Studies by NASA’s Cassini probe indicate that Saturn has a dense core of rock and ice, solidified by Saturn’s intense pressure. The core is surrounded by a metallic liquid hydrogen layer — similar to that of Jupiter, but considerably smaller. Saturn’s magnetic field is 578 times as powerful as that of Earth, but still smaller than Jupiter’s.
The rings, and most of the moons lie totally within the influence of the planet’s magnetosphere. The magnetosphere is a magnetic field surrounding a planet, where electrically charged particles of the solar wind interact with the magnetic fields of the planet. This is the area in which planetary auroras are created.
Saturn can be easily observed through a small telescope, making it accessible to anyone. The deadline for our observing season, however, may be closing within the next month as monsoons begin to dominate our southwestern sky. The planet reaches opposition on the morning of June 3 at 1:00 AM. But any time throughout the month of June and the entire summer will be good for seeing the planet, which is available to us until October.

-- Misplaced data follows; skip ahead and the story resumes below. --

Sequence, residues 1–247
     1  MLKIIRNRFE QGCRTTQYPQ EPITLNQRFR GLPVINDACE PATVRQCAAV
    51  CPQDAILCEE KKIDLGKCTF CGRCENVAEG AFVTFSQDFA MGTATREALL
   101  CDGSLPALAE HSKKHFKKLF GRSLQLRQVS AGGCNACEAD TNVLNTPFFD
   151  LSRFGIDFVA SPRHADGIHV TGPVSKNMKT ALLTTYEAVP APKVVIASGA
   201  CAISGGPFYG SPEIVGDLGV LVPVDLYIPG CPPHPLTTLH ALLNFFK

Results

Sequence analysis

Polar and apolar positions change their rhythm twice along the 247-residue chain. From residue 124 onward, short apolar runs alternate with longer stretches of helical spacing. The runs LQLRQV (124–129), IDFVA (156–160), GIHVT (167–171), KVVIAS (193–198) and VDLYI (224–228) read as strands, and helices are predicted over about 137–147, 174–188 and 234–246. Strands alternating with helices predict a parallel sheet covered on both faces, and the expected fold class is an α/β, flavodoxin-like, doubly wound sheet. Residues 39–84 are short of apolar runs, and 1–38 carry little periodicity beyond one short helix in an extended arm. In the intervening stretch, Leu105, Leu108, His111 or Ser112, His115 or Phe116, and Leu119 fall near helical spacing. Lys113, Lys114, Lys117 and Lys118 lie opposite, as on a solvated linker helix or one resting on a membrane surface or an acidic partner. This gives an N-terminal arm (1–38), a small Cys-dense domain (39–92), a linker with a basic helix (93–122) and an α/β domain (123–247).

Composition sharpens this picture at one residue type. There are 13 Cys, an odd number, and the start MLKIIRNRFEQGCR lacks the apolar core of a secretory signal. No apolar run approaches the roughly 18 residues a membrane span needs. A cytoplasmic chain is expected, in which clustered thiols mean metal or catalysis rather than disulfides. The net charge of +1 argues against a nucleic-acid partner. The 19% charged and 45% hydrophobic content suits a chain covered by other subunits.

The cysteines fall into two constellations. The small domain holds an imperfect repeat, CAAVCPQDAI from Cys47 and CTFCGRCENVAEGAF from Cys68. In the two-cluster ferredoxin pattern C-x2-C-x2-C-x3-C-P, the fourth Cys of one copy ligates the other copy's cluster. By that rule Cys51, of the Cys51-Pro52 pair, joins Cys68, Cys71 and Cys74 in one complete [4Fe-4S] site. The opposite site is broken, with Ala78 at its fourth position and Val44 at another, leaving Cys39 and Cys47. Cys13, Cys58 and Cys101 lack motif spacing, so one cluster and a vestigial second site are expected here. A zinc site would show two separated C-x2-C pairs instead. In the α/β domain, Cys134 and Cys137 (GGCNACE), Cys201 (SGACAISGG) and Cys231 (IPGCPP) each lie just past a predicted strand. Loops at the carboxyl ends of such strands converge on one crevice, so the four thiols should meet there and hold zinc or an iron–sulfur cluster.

TAAA Support of Public Mercury Transit Event At Brandi Fenton Memorial Park
By Jim O’Connor
Pictures by Jim Knoll
TAAA has a long history of supporting Pima County Natural Resources/Parks and Recreation and their active astronomical outreach programs. Usually these events are at either the Ironwood Picnic Area on the West Side, or Agua Caliente Park on the East side. For the Mercury transit, however, the venue would be Pima County’s Brandi Fenton Memorial Park. TAAA has performed public Astronomy Festivals at that location in the past, so it was a familiar location.
The event was scheduled from 8 AM through 10 AM, which was a segment in the middle of the transit. The transit itself was forecast to occur from 4:12 AM through 11:42 AM, with sunrise around 5:35 AM, so most of us planned on being there at our earliest convenience, and to stay through the end of the event.